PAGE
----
CAMP TAJI, Iraq – To find out about issues with the current UH-60 Black Hawk helicopter phase, Chief Warrant Officer 5 Shawn Marrin (left), from Lantana, Fla., the maintenance test pilot section chief talks with Black Hawk mechanics Spc. Casey Henson (middle), from Dallas, and Spc. Jesse Hooker (right), from Shreveport, La., here, Dec 13.

CAMP TAJI, Iraq - Keeping a helicopter airworthy requires a vast knowledge of the systems and components that make up the aircraft.

Maintenance test pilots go through specialized training on a particular type of airframe to gain a thorough understanding of how that machine operates. A combination of their training and experiences make MTPs a valuable resource in any aviation unit.

"A warrant officer out of flight school is just an operational pilot," said Chief Warrant Officer 5 Shawn Marrin, from Lantana, Fla., the MTP section chief and UH-60 Black Hawk MTP for Company B, 615th Aviation Support Battalion, 1st Air Cavalry Brigade, 1st Cavalry Division.

"There are four tracks that a (flight) warrant officer will eventually be tracked on; there is the instructor pilot, there is the safety officer, a tactical operations officer and the maintenance test pilot," he added.

Marrin said the normal progression for an operational pilot that has been in a unit for a while is to find a track, either by the commanders needs or by their own desires.

"Usually they (MTPs) come from a background of maintenance - as an aircraft mechanic - and their specific goal, professionally, is to become a maintenance test pilot," said Marrin. "So they would let that be known to command and if the opportunity presents itself then hopefully they would get to go."

There are two components to the maintenance test pilot course; learning the systems and learning the MTP checklist.

"Knowing the checklist allows the MTP to run tests on different systems and verify whether the system passes or not," said Marrin. "If it does not pass then the MTP can fall back on the knowledge of the systems to quickly identify the fault and troubleshoot it to find a solution and fix the fault."

A MTP's experience can be used in many situations, said Marrin, which include finding solutions to a specific fault or conducting a general test flight on an aircraft once it has come out of phase maintenance.
"A general test flight is where we conduct a complete maintenance test flight checklist, doing all the checks possible for an airframe," said Marrin. "We do that after a phase because the aircraft is dissembled to a great extent and even if certain systems have not been touched, we still evaluate all of the checks to ensure that everything has passed before we send it off as airworthy."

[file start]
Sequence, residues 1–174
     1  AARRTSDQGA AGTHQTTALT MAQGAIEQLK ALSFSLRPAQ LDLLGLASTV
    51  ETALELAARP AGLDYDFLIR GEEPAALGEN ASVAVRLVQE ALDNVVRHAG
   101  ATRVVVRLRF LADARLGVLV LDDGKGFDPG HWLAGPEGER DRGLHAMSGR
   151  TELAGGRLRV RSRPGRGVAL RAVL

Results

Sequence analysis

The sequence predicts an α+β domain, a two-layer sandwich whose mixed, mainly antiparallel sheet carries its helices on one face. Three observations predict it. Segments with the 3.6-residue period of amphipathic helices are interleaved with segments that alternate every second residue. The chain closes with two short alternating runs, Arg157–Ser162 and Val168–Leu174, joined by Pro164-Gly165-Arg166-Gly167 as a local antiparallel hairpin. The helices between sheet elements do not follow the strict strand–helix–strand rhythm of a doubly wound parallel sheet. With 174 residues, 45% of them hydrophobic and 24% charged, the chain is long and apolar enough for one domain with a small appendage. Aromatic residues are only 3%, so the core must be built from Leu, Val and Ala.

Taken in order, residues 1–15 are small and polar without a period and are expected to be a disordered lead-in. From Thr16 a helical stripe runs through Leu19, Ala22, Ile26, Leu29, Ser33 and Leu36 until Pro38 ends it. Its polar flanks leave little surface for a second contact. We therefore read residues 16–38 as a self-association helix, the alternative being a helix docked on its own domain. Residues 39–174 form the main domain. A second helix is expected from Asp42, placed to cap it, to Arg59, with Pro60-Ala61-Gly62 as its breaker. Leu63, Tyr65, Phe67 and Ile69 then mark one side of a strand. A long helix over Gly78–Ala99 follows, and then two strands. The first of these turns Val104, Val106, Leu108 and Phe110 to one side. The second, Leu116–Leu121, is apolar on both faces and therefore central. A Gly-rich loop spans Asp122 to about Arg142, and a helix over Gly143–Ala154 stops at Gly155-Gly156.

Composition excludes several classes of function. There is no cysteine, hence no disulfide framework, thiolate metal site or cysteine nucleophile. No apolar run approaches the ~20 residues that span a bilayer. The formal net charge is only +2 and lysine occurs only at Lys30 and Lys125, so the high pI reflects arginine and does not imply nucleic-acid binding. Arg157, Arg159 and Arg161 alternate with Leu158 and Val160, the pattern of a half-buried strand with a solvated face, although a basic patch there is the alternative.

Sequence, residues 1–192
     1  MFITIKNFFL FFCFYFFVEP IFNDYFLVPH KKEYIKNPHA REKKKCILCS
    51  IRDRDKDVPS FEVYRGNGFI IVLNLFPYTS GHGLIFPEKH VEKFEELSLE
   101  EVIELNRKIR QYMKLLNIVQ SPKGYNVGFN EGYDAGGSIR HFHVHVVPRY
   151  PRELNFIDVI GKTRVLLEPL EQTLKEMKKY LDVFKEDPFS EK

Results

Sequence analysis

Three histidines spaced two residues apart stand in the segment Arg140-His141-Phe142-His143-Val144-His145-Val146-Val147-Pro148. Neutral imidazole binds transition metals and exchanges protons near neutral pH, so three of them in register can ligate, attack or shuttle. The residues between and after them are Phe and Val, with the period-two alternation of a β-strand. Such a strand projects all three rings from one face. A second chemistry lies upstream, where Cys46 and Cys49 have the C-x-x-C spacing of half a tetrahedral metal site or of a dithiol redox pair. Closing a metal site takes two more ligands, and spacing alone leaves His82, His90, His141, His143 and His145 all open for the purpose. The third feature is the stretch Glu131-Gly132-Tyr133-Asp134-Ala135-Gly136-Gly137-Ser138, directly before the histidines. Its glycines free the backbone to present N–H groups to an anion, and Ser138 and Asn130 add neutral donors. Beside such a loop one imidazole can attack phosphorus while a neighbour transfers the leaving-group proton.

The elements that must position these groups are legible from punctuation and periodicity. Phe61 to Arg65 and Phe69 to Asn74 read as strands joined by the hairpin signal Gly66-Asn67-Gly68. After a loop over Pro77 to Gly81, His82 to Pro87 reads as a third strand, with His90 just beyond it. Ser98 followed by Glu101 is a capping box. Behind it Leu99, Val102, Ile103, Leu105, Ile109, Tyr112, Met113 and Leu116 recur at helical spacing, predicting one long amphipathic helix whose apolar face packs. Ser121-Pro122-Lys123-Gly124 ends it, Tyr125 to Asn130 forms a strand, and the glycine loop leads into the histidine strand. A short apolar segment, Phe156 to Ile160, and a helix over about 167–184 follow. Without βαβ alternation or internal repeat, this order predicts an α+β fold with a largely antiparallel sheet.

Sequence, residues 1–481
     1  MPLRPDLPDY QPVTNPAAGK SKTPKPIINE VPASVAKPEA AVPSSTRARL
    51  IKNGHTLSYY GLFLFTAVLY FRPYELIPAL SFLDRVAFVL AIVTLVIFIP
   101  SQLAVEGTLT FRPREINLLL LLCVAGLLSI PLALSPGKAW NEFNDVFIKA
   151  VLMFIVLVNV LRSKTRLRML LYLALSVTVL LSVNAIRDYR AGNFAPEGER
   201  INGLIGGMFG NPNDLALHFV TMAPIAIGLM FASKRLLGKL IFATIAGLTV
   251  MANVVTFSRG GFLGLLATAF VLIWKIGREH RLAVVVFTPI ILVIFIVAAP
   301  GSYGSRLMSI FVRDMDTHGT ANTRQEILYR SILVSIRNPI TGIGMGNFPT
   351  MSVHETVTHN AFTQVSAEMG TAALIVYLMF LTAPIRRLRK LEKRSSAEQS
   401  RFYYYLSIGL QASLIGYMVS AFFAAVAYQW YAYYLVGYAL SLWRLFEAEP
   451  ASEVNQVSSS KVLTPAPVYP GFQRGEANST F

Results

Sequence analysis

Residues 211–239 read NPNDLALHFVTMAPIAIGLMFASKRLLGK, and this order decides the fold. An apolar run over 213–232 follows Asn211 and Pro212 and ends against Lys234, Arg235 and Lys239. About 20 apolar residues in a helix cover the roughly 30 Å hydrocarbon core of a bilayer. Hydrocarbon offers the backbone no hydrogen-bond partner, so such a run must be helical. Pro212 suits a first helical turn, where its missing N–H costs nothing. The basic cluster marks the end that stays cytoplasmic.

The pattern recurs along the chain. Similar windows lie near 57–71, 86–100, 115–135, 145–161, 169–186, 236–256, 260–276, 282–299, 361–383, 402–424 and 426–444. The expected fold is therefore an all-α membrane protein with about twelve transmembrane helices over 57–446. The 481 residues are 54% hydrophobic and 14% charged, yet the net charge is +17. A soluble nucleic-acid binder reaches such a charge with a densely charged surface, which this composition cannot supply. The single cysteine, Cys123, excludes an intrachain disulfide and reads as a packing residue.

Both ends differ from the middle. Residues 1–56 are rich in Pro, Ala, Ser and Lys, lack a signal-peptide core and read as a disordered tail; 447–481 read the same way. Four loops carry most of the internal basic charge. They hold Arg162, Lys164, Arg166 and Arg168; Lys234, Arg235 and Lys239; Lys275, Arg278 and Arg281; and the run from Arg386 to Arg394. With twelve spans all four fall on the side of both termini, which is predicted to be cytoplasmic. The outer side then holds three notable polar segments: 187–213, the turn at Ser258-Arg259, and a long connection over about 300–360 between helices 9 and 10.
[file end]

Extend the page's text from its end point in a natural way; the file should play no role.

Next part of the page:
"In most cases as a line pilot you will never do all the checks, so it is nice being a maintenance test pilot and being able to run through all of the aircraft checks on a general test flight," continued Marrin.

MTPs make an effort to share the learned knowledge through experience with each other to help understand the systems functions. Benefits of going to a fellow MTP for guidance can sometimes produce faster results than referring to the maintenance manual, said Marrin.

"Sometimes just the systems knowledge will give you the capability to identify the fault without going to the maintenance manual," said Marrin. "Sometimes the fault won't be in the manual so you have to rely on that systems knowledge and that is why we are taught about the systems in great detail."

The aircraft maintainers are able to fall back on the MTPs systems knowledge when an unforeseen maintenance issue arises.

"They (MTPs) are a book of knowledge ... they know a lot more than we do, generally speaking," said Spc. Casey Henson, from Dallas, a Black Hawk maintainer in Co. B, 615th.

"The MTPs make the final call once all the maintenance is complete," said Henson. "At the completion of a phase the aircraft will not return back to its company until they sign off on it."

As in most situations where knowledge and experience is depended upon, certain bragging rights come with being able to identify and fix aircraft issues.

Marrin loves his job because he gets to troubleshoot issues. He prides himself on finding the fault first - and being right.

"Sometimes it makes your head swell bigger I guess," he said.

"There is always a competitive camaraderie going on between the test pilots to see who can identify what the true problem is," added Marrin.

Even with the competition to display knowledge, all MTPs are working toward the same goal - maintaining the force to complete the mission.

"How well we do our jobs is how well we are able to identify if the systems are working well," said Marrin. "That ensures that when the line units get their aircraft they can have fault-free operations for an extended period of time."

"We want to have high operational readiness, and the better we do our job we can sustain a high operation rate," said Marrin.

Page last updated Thu December 17th, 2009 at 11:30